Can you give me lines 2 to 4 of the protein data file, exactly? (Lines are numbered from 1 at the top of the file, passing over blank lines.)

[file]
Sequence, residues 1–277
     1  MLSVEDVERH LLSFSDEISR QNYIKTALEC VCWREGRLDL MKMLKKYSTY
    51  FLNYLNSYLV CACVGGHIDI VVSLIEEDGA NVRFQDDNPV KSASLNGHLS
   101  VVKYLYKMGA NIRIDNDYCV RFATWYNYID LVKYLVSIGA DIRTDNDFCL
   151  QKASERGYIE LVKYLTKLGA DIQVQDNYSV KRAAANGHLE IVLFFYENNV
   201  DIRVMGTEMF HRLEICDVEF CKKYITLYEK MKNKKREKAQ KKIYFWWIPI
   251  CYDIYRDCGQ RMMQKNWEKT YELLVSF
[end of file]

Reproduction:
     1  MLSVEDVERH LLSFSDEISR QNYIKTALEC VCWREGRLDL MKMLKKYSTY
    51  FLNYLNSYLV CACVGGHIDI VVSLIEEDGA NVRFQDDNPV KSASLNGHLS
   101  VVKYLYKMGA NIRIDNDYCV RFATWYNYID LVKYLVSIGA DIRTDNDFCL